The first golden rays of the morning sun awoke the girl next morning. The waves had calmed down and lapped at her feet. A kitten licked her bare feet. She rubbed her eyes and sat with little help. The kitten mewed gently and she stroked her soft fur and yawned tiredly as the little thing purred. It was just dawn and the whole town was asleep. Only here and there fishermen collected their nets and turned towards home with their catch. She realized how hungry she was. She found a shady, comparatively secluded spot and taking off her coat leaped into the water. She swam like a fish, her thin body snaking through the water gracefully. She laughed at the pure bliss of it. She emerged out refreshed and smiling. Then she looked despondently at her dirty clothes and put them on reluctantly. The golden furred kitten came out of a bush and she picked it up and cuddled it next to her chest. “I’ll call you Buttercup. Ain’t it a lovely name?” she ran towards the market hoping she’d earn some money today at least.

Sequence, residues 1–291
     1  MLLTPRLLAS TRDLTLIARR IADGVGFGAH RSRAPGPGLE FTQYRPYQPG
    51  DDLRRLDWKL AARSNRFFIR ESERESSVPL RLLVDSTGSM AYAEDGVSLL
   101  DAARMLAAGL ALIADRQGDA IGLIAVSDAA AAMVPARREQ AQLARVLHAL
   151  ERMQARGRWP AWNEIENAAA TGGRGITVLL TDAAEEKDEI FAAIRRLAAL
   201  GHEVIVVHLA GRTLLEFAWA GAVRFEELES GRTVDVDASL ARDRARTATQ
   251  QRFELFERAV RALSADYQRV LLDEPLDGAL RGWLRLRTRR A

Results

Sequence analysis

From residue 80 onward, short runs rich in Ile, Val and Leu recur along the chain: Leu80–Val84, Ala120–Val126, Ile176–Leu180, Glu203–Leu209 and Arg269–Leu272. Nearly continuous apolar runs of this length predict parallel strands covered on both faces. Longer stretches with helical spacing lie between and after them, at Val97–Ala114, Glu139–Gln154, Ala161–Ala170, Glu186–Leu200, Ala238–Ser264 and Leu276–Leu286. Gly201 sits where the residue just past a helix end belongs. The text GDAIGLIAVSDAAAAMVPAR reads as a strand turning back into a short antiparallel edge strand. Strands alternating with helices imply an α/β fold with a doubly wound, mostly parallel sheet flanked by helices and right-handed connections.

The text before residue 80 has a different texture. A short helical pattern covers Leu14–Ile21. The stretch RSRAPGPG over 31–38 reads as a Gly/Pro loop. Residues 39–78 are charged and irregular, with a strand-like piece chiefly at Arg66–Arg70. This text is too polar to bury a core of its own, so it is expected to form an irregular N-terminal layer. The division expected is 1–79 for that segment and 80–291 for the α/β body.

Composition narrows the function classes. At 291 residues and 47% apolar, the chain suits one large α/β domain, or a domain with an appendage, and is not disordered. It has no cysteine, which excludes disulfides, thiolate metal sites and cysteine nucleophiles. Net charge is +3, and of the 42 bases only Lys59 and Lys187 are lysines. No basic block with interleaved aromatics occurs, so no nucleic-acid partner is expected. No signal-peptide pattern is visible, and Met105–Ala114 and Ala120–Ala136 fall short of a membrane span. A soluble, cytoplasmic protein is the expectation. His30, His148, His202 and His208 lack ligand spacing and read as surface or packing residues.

The boy had a sleepless night and only drifted into a sound sleep at dawn. When his sister shook him and he didn’t wake up, she started bawling out loud, “Matthew is dead Mummy! He won’t wake up! Oh! Mummy! Matthew is dead!” his mother came rushing alarmed by her sobs and wails. The noise woke him up and he propped himself up on one elbow. His mother gave out a sigh of relief and after having reassured Cathy that her brother had been asleep carried her out of the room. Matthew dragged his feet to the bathroom. His previous fit of melancholy cast a gloom over him today as well. He felt some of the tension evaporate as he soaked his body in the warm, scented water of the tub. He was just drying his wet, golden-brown hair when the smell of bacon and eggs drifted through the open window. He forced a smile on his downcast face and walked towards the patio where his family sat for breakfast.